Financials Watch – French election, positive for French banks

by: Tom Kinmonth

  • Macron very likely to win, but he will face major hurdles to implement plans
  • Short-term bank capital requirements unchanged, although tide is turning
  • Issuance to resume for French banks, led by Senior Non-Preferred
  • Cost of French bank funding to decrease, as market opens 3bps tighter
  • We favour French Tier 2 bank debt over Senior Non-Preferred
  • France is likely to increase its financial status, although behind London

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Macron very likely to win, but he will face major hurdles

Macron’s economic agenda is market friendly. He has pledged to pursue French labour market reforms and cut excessive public spending, while he is also a pro-European. Please find here, further details on the election result for other sectors and the country itself. As a caveat, despite Macron’s relatively positive economic agenda, it should be noted that he will face major obstacles in passing his programme. Macron could face the obstacle of not having a parliamentary majority.

Under France’s semi-presidential political system, if a president’s party is different to that of the majority of members in parliament, the government is divided – this is called “cohabitation”. Even presidents with the best intentions have struggled to pass reforms in France. In the past they have been blocked by vested interests, street protests and strikes. This does mean any positive impacts for the banks that we discuss below could indeed be diluted by the French parliamentary situation.

 Bank capital requirements unchanged before 2019, but potential longer term impact

One key positive for the French banks from a Macron presidency, could be bank capital requirements. Macron announced in February that he wished for European finance ministers, not regulators, to set capital rules for banks and insurers. He also proposed creating a form of oversight authority (a “parliament”) for the common currency and installing a ‘eurozone finance minister’.

France has four banks classified as GSIB’s, joint second in number with the UK, after the United States. This leads the French banks to have, relative to other countries, high capital requirements. The first capital requirement hurdle comes in the form of total loss-absorbing capacity (TLAC) requirements which begin in 2019. Do we think that the four major banks in France will have adjusted capital requirements before this date? No.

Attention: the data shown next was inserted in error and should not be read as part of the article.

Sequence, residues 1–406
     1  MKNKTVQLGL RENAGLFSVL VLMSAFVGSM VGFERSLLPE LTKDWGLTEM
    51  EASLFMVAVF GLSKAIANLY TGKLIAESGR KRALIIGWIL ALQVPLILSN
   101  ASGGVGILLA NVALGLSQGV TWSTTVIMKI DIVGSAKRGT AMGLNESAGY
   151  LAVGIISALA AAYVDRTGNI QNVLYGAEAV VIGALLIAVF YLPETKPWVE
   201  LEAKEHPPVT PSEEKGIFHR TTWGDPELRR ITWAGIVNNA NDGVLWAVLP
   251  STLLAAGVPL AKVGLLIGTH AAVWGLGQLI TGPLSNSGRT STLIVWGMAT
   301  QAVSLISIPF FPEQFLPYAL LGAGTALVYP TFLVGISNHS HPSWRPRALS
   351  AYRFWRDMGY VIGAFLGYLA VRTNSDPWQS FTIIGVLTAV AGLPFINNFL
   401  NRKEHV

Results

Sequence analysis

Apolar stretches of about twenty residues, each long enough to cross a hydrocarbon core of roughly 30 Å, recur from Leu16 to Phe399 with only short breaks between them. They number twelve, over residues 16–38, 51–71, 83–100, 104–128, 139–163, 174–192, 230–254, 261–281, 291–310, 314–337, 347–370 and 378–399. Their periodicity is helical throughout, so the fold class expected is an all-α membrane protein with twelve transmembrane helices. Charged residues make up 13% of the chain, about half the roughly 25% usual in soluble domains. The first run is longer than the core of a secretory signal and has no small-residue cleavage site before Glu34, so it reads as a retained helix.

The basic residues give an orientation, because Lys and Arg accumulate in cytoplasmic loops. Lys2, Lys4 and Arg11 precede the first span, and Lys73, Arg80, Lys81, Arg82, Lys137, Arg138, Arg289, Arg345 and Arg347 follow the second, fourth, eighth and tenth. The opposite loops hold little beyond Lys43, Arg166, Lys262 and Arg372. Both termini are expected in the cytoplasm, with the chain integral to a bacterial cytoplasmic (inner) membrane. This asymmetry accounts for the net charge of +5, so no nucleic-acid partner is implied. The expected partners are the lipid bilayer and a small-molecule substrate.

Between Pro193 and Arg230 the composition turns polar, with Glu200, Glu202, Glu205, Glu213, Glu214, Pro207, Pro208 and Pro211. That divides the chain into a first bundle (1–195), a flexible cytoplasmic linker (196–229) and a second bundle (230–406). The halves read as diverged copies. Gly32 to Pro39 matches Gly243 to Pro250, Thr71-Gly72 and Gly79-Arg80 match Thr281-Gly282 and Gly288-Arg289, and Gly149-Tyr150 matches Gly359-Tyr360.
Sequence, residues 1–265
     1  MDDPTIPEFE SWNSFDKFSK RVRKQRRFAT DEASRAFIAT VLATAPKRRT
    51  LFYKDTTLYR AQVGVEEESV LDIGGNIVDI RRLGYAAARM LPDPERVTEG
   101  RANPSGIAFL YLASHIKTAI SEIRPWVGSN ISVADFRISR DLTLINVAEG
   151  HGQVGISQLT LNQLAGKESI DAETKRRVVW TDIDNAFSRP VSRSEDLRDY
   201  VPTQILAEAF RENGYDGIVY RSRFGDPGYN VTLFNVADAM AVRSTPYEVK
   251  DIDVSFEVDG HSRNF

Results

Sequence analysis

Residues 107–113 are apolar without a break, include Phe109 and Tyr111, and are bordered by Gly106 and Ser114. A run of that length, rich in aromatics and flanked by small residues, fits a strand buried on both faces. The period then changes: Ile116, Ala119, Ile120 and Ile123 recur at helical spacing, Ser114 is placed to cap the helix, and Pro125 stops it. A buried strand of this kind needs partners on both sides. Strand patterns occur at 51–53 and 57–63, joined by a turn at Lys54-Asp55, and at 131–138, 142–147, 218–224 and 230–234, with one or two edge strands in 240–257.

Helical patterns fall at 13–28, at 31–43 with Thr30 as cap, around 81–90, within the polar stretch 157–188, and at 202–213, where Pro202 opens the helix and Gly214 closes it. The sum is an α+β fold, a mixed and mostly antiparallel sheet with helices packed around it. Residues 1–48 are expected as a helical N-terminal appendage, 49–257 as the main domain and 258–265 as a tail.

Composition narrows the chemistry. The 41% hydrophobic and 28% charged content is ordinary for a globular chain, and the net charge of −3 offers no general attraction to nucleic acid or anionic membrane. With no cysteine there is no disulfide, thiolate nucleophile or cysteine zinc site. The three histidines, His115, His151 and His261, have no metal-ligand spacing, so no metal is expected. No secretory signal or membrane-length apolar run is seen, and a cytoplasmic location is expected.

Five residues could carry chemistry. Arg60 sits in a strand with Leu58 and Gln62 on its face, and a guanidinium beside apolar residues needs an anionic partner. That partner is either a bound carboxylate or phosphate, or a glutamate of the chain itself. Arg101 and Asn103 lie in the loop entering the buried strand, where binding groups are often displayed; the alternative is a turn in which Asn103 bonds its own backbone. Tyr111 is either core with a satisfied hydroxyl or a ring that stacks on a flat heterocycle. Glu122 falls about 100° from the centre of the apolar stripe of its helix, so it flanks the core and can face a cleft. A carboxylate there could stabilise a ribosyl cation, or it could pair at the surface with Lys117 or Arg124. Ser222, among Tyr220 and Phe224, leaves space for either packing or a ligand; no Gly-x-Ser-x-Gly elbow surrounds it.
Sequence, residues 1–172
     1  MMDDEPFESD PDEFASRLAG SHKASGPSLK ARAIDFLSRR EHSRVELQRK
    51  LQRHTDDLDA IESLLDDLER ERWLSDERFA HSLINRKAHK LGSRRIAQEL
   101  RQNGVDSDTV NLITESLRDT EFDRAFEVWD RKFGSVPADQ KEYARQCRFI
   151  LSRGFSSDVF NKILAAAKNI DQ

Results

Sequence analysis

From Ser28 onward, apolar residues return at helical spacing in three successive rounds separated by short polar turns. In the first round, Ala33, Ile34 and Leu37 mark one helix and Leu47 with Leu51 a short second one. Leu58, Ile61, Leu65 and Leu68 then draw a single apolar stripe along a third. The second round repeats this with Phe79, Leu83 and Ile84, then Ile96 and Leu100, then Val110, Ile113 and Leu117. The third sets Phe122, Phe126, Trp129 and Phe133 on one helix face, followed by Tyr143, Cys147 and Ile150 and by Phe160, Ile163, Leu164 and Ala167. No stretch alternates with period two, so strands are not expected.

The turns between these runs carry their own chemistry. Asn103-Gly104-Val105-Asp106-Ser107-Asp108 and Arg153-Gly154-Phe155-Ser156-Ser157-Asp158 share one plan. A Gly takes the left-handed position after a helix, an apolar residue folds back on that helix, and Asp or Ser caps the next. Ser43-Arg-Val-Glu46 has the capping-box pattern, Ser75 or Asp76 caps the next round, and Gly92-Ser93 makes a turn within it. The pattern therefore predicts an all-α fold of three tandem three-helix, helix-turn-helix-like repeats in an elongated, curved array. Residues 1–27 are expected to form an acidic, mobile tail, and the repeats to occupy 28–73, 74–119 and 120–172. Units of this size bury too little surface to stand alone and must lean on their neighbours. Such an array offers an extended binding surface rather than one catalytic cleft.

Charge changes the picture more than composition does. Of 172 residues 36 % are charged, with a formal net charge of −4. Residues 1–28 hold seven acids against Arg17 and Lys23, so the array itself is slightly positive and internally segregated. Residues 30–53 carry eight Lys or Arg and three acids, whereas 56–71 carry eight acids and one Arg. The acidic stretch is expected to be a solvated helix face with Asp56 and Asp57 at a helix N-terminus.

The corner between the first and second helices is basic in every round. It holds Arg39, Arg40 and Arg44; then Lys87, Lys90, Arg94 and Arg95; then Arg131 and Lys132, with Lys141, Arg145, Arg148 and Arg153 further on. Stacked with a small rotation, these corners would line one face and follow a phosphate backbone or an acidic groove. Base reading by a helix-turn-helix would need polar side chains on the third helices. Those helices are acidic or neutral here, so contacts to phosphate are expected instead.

Could there be an impact in an impact in the longer term? Yes.

European harmonisation has witnessed strong convergence towards unified supervision in the past five years. However, Macron’s thoughts, combined with Trump’s intentions across the Atlantic, could change the global tide of continued increasing capital requirements for banks.

 Issuance to resume for French banks, led by Senior Non-Preferred issuance

French banks will now return to the market and continue to bolster their capital before 2019. Investor sentiment today will determine whether the banks issue before the second round, or after. Crédit Agricole entered the market under two weeks ago, therefore, the odds would be on a French bank testing the water perhaps before the second round is complete. Senior Non-Preferred will witness by far the greater issuance in our view. Please see here.

 Cost of French bank funding to decrease

French bank debt performance has significantly lagged other Europe countries this year, an excess return of 0.40% vs 0.89% for the index. Their debt performance has been the worse of any major country in the European index. We expect this now to change. French debt should perform well today. The market has jumped to the benefit on the French banks already this morning, funding costs are 3bps cheaper around the five year tenor. We favour Tier 2 French debt over Senior Non-Preferred paper, often for the 40bps of pickup.

 Macron’s view to benefit France from ‘Brexit’, as the UK suffers

Macron famously said in February that he wished for ‘banks, talents, researchers, academic and so on’ to cross the channel post-Brexit and setup in France. Macron has taken a hard line to UK banks stating that ‘no access to the market without any contribution and respect of the four freedoms of the EU’. A Macron presidency could scupper UK banks plans for a favourable agreement post-Brexit. In our opinion, the negative impact from ‘Brexit’ is often overstated for UK banks. France is indeed likely to increase its financial status somewhat, however, London should still remain superior in in terms of financial clout.